Tuesday, August 23, 2016

Gascone

On July 28, 2016, I posted a blog about the Ocracoke family names, Gaskins & Gaskills.

A few days ago I was chatting with Euphemia Gaskins Ennis. She told me that her father, George Gaskins (1887-1967), told her that the Gaskins (Gascone) family was originally from France [further research suggests they moved to County Offaly, Ireland], that they then settled on the Eastern Shore of Virginia, then moved to Craven County, North Carolina, and eventually to Ocracoke.

I have discovered that a Thomas Gascoyne was living on the Eastern Shore of Virginia in 1623. Gaskins Point is still recognized as a landmark on the Occohannock Creek.

Chart Showing Gaskins Point, Occohannock Creek, VA










Ellen Marie Fulcher Cloud, in her book, From Whence We Came, confirms Euphemia's information, writing that "The Gaskins seem to have been most thickly populated in Craven Co. in the 1700 and 1800s."

I found the following information on The Internet Surname Database:

"This interesting and unusual surname [Gascone] is of early medieval English origin, and is from a regional name for someone from the province of Gascony [a Basque-speaking area of southwest France], from the Old French 'Gascogne'....The surname was first recorded in the early 13th Century.... The modern surname can be found recorded as Gascoigne, Gascogne, Gascoyne, Gascone, Gasken, Gaskin and Gasking."

Our Ocracoke Newsletter for this month is an article by Philip Howard, My Ocracoke, Living amidst 250 years of Howard family history. You can read it here: http://www.villagecraftsmen.com/news082116.htm.

Monday, August 22, 2016

"My Ocracoke"

Earlier this year the editor of Outer Banks Magazine asked me to write an article about the Howard family of Ocracoke. The article was printed in the 2016 issue (Vol. 4), and was accompanied by photographs taken by Daniel Pullen.

Our Ocracoke Newsletter for this month is a reprint of that article, My Ocracoke, Living amidst 250 years of Howard family history. You can read it here: http://www.villagecraftsmen.com/news082116.htm.

Friday, August 19, 2016

Argentine Ants

They march through the yard, across the boardwalk, up the side of the house, and disappear into my attic. Fine, pink dust filters down onto floors and furniture. They are tiny Argentine ants, an invasive species that has taken up residence on Ocracoke.

Argentine Ant, from Wikipedia (Penarc)
















 In 2009 John Brightwell, a postdoctoral researcher at NC State University, began studying the Argentine ant population on Ocracoke Island. The ants have produced a "supercolony" whose numerous queens spawn tens of thousands, or hundreds of thousands, of new workers each year. It is not unusual for an island home to be invaded by great numbers of these ants. Although they do not sting, they are a nuisance, and a threat to the ecology.

According to Eleanor Spicer, author of an informative article, "Coastal Invasion: The Argentine Ant," in Coastwatch, a North Carolina Sea Grant magazine, the ants can be controlled, but probably not eliminated.

If you see these invaders marching across your kitchen counters, go out to the Variety Store and purchase some ant killer. Just be prepared to tackle the problem again when they return.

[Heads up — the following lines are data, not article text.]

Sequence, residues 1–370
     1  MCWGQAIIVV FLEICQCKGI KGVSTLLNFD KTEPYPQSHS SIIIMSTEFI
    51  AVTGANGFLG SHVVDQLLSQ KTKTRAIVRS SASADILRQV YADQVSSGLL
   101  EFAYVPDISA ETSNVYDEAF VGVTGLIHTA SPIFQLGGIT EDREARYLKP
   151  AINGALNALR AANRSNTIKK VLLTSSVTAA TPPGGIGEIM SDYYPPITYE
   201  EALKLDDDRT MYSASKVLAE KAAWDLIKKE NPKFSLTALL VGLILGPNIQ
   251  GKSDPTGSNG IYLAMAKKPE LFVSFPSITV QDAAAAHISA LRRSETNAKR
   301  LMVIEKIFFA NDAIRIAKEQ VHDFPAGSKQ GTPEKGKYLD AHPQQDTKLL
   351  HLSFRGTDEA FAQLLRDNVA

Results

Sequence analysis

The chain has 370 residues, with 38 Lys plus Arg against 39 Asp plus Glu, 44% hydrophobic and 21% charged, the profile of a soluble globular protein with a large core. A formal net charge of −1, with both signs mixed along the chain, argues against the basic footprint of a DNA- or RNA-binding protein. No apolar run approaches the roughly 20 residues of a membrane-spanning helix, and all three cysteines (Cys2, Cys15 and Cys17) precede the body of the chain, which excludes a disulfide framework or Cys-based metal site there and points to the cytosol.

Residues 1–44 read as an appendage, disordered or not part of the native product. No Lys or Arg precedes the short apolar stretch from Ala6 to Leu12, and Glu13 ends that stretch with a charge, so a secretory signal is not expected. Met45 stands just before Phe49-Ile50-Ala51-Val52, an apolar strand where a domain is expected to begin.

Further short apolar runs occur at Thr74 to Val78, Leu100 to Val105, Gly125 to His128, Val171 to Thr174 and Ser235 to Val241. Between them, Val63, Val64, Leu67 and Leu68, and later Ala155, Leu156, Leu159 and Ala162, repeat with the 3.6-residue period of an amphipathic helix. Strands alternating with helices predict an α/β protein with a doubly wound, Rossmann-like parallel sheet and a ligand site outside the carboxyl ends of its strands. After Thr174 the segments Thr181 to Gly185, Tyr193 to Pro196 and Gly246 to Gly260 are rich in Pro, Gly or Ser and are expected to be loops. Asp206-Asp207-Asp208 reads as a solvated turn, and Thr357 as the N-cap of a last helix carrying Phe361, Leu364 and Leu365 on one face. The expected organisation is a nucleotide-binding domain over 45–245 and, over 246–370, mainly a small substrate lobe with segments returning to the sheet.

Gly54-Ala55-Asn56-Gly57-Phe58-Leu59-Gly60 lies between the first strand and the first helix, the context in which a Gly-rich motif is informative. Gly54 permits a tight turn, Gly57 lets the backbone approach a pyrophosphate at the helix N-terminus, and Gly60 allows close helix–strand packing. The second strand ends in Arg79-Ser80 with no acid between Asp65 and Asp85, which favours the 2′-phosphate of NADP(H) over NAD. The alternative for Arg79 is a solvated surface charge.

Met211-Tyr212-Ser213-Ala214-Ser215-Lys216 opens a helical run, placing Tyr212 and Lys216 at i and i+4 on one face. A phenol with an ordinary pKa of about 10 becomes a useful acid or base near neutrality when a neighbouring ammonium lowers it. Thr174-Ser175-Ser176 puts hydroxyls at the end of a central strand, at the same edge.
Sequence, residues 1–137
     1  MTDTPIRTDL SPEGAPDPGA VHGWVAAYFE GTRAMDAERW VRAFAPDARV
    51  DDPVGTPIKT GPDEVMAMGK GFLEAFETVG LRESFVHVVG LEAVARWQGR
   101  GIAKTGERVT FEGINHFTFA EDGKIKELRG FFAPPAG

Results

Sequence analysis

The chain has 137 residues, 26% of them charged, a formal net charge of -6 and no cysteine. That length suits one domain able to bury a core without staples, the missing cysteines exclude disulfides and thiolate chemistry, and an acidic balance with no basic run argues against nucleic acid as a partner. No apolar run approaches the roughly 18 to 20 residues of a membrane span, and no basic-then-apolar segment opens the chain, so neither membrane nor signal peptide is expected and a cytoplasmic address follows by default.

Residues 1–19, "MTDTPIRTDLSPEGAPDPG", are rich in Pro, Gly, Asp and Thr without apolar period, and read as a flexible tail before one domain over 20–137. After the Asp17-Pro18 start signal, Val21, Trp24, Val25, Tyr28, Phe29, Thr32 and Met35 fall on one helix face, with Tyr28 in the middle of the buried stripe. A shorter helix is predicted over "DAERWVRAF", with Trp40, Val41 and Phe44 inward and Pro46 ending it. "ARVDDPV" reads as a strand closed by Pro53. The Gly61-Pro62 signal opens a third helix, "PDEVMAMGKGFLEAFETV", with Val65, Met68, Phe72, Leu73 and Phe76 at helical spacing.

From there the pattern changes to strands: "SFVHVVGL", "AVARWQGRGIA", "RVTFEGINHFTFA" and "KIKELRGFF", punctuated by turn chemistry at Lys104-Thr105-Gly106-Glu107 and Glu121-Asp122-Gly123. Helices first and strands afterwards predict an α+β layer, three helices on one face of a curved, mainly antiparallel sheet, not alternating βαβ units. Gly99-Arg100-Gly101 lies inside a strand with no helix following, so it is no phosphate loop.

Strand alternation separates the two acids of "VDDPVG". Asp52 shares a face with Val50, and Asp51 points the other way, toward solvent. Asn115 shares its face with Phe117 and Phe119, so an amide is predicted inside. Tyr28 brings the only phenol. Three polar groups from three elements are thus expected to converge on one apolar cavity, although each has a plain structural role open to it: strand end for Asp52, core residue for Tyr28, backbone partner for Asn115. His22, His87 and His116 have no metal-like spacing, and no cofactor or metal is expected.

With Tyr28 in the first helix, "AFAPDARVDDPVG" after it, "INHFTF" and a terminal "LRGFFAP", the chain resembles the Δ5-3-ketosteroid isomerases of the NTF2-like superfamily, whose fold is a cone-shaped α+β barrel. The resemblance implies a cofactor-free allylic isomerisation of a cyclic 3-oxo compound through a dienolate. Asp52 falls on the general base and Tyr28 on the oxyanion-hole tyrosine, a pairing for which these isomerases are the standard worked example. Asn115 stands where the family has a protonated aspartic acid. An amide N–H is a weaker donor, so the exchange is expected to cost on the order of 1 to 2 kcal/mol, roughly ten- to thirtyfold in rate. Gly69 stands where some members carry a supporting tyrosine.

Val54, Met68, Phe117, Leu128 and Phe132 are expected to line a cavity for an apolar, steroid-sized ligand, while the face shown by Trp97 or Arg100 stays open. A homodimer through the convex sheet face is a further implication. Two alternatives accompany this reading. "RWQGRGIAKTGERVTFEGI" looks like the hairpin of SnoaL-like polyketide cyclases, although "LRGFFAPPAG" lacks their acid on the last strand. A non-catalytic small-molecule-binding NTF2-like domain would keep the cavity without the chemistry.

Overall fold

Our latest Ocracoke Newletter is the story of Augustus Cabarrus, early inlet pilot, and the present day d'Oelsnitz family. Click here to read the Newsletter: Ocracoke...The French Connection

Thursday, August 18, 2016

Another Ocracoke Story

I was visiting an older islander recently, and she told me this story about her father:

George, didn't like to talk much. Telephones had just come to Ocracoke, and he especially didn't like to talk on the telephone. One evening the phone rang and George answered it. His wife could only hear his half of the short conversation: "Hello...No...No, he isn't here...I have no idea when he will be back."

When the call ended, his wife asked George who had called. "I don't know who it was. He had the wrong number. He was calling for Mr. Rondthaler."

"Did you tell him he had the wrong number?"

"No, he just asked if Mr. Rondthaler was here, and I told him 'No.' Then he asked when Mr. Rondtaler would be back. I told him I had no idea."

"But Mr. Rondthaler is dead. Why didn't you tell him he was dead?"

"He didn't ask me if he was alive or dead. He just wanted to know when he would be back, and I told him I had no idea."

Our latest Ocracoke Newletter is the story of Augustus Cabarrus, early inlet pilot, and the present day d'Oelsnitz family. Click here to read the Newsletter: Ocracoke...The French Connection.   

Wednesday, August 17, 2016

Figs & Wasps...Again

Now that the Ocracoke Fig Festival is over, we are going to investigate the fig,  one of the most interesting "fruits" on the planet. I have addressed this issue before, but I think it is worth repeating. You see, a fig is not a single fruit after all. Evolutionary biologist, Richard Dawkins, describes it as a "garden enclosed."

Each fig is a syconium (or multiple fruit), a hollow, fleshy receptacle with hundreds, or even thousands, of small flowers within. Kris Hirst, at http://archaeology.about.com/od/domestications/a/fig_trees.htm, describes the fig this way: "Each species of fig tree in the wild comes in two types: the hermaphrodite fig, that produces pollen but does not produce seeds to generate a new tree; and the female, that produces no pollen but does produce three crops of figs throughout the year, one of which if pollinated, produces a seed that can make a new tree."